The recruits gather in scorching desert hideouts in Somalia and use portraits of Barack Obama for target practice. They learn how to make and detonate bombs, and vow allegiance to Osama bin Laden. Al-Qaeda leader Najeh Fazul Abdullah Mohammed is responsible for Somalia’s al-Shabab jihadist movement, and uses foreign trainers with battlefield experience from other conflicts. The trainees are trained by, Somali, Arab, and Western instructors in small arms, machine guns, rocket-propelled grenades, and military-style tactics. Najeh Fazul Abdullah is described as one of the most dangerous Al-Qaeda leaders in the world. Training camps are attracting hundreds of foreigners, including Americans, and Somalis recruited by a local insurgent group linked to Al-Qaeda. Najeh Fazul Abdullah has connections with-in the ranks of the Al Shabab Al-Mujahideen Movement.
Al-Qaeda opened a new training camp based in the Al Jaza area in the district of Mudiyah in the southern province of Abyan. The camp is said to house more than 400 local and foreign fighters. Yemenis, Saudis, and Somalis make up the vast majority of the fighters. The Yemeni government is known to support al Qaeda in the Arabian Peninsula while targeting jihadi groups that do not adhere to a peace agreement signed in January. The government supports the group in exchange for trained fighters. U.S. officials are concerned Somali-Americans who fought with al-Shabab will return to the United States and carry out attacks. As many as 20 from Minnesota have been lured to their homeland to join the jihad. A document unsealed in Minneapolis gave details on that attack. It said Shirwa Ahmed, a naturalized U.S. citizen and Minneapolis resident, took part in a truck-bombing in Bossaso, Somalia, on Oct. 29, 2008, against offices of a regional intelligence service. Ahmed, who was alone in the truck, was identified through a fingerprint obtained from a finger found at the bomb site. Jihadists linked to al-Shabab can roam through neighboring countries without attracting much attention and cross into northern Kenya.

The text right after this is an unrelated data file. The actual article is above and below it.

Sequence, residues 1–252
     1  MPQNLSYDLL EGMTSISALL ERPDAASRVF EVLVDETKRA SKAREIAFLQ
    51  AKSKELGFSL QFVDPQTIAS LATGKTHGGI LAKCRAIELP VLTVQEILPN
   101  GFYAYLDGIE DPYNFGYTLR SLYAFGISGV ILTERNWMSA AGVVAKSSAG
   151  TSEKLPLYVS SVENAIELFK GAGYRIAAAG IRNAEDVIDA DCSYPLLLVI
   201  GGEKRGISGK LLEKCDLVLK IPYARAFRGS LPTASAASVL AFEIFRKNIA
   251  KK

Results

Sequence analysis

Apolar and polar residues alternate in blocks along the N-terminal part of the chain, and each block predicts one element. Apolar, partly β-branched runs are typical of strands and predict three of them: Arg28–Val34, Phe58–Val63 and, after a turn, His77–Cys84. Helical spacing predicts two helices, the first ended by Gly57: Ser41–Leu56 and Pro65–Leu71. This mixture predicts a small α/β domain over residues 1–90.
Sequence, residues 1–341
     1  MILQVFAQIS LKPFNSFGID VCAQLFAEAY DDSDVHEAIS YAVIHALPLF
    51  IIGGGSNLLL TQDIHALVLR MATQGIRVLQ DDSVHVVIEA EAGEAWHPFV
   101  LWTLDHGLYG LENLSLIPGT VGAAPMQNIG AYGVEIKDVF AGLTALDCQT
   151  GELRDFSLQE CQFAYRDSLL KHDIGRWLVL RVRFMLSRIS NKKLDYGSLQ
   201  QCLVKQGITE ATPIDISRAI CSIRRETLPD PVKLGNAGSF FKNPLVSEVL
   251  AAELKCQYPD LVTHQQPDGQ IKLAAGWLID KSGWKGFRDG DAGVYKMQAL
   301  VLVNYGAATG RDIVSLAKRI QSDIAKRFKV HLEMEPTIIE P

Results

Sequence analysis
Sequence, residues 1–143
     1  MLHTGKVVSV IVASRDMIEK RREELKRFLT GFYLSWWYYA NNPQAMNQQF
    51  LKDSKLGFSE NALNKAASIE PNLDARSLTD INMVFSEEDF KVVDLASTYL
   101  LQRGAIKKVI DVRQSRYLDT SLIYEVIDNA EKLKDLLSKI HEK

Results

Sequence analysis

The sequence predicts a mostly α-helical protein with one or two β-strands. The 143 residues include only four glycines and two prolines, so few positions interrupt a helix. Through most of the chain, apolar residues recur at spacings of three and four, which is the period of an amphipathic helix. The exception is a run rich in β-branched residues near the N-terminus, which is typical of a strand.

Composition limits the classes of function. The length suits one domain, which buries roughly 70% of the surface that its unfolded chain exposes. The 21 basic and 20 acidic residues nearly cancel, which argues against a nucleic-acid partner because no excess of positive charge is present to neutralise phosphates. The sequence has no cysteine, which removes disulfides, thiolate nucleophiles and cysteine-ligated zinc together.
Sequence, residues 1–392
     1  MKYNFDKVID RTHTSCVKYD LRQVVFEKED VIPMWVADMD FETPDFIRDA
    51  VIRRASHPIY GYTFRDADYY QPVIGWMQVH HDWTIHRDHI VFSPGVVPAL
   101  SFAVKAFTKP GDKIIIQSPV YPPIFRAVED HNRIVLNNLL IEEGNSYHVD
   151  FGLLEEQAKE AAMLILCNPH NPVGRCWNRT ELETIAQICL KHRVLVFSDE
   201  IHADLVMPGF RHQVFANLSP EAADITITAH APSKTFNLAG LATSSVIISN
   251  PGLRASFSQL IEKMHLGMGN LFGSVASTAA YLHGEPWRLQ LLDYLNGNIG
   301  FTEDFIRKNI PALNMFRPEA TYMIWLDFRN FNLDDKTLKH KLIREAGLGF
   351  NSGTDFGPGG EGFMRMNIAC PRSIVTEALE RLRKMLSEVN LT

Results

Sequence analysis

Najeh Fazul Abdullah recently released a video showing its members vowing allegiance to bin Laden. The militants leaped over sandbags, crawled on the ground and fired at targets, affixed photos of Obama and Ahmed to wooden boards. Among al-Shabab’s ranks are an estimated 200 to 400 foreigners from Pakistan, Chechnya, Sudan, Kenya, Tanzania and other countries. The government is backed by 5,000 African Union peacekeepers but controls only a few blocks in Mogadishu. The Al Shabab Al-Mujahideen Movement received the support and backing from Al-Qaeda and other extremist groups and foreign fighters battling the Somali government.
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